1300 2nd Street NE
Map  ·  Hours

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1304 2nd Street NE
Map  ·  Hours

Closed Today

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ABV (%)




Flavor Notes

The kolsch is light in color and has a bouquet of lemon and wheat. The style is clean and has light, bready malt tones. A laid back bitterness finishes the beer, making it a refreshing and affable pint.

Malts Used

Pilsner Malt, White Wheat

Hops Used


Yeast Used


Food Pairings

Summer salads, grilled meats, and lighter picnic fair.

Kölsch Image

Let’s get moody, Minneapolis. We’re all looking outside, or maybe not. Maybe we’re trying to ignore as best as possible the light, nearly invisible, flurries of snow dancing through the air as I write this.

We want pints, I suppose. Pints and pints and pints.

Dangerous Man is happy to present our Kolsch! It’s been a little over six months since we’ve brewed this beer and had it on tap, so it’s return is welcomed with some warmth.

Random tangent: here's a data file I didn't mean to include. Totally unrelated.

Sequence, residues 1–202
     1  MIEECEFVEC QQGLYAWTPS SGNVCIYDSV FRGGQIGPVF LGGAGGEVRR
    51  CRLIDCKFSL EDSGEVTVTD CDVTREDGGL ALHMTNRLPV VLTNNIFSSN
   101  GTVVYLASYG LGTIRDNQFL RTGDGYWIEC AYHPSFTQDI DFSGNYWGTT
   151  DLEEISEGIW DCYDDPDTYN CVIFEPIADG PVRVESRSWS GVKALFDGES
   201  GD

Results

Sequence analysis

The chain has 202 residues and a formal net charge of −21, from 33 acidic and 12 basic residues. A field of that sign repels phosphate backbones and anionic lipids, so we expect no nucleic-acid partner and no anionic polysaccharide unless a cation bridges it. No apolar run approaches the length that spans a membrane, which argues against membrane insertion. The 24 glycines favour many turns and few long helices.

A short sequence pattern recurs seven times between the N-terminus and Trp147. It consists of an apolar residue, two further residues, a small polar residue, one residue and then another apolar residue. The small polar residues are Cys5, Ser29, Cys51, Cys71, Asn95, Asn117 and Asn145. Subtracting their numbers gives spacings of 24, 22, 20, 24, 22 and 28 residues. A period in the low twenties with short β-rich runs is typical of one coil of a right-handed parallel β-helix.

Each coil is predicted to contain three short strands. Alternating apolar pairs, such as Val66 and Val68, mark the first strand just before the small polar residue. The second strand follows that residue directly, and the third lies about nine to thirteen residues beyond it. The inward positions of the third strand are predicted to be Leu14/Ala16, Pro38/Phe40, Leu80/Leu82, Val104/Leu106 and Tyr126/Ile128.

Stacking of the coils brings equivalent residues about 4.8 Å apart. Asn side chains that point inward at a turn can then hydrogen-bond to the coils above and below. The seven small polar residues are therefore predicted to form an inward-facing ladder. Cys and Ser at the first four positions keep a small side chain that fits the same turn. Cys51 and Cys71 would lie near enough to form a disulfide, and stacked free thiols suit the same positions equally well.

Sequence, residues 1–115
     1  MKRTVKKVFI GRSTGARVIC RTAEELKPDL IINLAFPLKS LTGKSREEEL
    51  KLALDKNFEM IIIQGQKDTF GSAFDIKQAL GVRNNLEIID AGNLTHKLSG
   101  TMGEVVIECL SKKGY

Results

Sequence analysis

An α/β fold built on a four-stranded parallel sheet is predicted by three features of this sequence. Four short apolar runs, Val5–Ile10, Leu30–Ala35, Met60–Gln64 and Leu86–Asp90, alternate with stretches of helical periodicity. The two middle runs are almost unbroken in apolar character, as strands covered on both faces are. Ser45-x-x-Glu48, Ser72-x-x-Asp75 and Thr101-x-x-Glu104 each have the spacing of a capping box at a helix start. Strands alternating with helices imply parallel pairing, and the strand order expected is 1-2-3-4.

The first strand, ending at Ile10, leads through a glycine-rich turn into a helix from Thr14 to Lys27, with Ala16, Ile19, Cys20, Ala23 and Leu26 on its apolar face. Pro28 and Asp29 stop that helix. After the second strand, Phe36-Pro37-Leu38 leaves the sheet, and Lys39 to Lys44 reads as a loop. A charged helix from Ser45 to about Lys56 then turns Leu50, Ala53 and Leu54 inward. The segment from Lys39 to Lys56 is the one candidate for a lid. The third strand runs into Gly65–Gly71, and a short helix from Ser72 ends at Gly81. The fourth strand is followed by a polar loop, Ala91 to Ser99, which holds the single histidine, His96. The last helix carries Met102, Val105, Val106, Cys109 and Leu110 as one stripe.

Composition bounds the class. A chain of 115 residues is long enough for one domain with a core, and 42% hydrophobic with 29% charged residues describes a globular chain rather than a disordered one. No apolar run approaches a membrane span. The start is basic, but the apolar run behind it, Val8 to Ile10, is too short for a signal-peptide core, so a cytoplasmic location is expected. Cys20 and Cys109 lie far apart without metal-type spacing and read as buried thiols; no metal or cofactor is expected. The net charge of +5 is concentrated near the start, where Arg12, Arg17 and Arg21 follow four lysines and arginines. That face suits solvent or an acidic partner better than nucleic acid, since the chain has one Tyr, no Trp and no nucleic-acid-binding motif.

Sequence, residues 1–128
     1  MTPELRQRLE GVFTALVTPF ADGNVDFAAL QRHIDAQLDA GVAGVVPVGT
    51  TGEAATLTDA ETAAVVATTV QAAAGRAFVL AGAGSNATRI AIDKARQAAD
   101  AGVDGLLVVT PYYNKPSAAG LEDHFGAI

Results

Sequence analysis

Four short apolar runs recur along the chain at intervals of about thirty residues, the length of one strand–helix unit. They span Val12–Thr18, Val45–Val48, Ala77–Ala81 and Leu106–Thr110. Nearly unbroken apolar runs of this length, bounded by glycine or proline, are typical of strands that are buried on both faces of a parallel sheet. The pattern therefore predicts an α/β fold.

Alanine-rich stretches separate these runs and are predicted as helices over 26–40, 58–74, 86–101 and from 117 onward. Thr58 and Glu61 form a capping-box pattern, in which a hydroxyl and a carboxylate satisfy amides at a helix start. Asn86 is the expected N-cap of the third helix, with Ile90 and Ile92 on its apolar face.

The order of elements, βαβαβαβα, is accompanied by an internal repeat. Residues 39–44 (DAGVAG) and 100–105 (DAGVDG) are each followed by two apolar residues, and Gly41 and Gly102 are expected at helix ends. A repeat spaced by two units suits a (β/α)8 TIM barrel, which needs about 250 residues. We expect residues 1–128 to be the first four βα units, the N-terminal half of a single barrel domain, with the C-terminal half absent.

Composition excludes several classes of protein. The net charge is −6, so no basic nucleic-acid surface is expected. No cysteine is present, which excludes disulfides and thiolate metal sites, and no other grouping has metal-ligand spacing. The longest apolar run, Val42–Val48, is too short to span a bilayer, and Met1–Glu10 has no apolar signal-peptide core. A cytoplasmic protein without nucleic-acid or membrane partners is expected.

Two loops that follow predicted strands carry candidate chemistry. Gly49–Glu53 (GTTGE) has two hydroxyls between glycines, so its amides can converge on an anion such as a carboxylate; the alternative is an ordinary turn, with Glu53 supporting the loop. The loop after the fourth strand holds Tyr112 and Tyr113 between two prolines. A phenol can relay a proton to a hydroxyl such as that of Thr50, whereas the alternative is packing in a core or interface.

The Kolsch styling originally derives from Koln, currently named Cologne, of Germany. The Germans have been renowned for their lagers, and that region basically pioneered the lager-ale hybrid beers that helped to isolate lager strains. The Kolsch is an ale yeast that ferments at lager temperatures, creating a smoother, less ester-oriented beer that you would typically find when fermenting at higher temperatures.

Rob and Keigan’s Kolsch features both Briess and Dingeman’s Pilsen malt. By adding both pilsen malts, the Kolsch has a brighter body and a more complex flavor, though subtle. Briess’ white wheat was also added to give a wider draw, smoother flavor with a hint of sour. Lightly hopped with Crystal hops.

This beer is worthy of a pint, or several. It’s perfect for these gloomy afternoons as you sit and glower out the windows, pint in hand, beer in mind.

Drink on, Minneapolis. Drink local, drink Dangerous.


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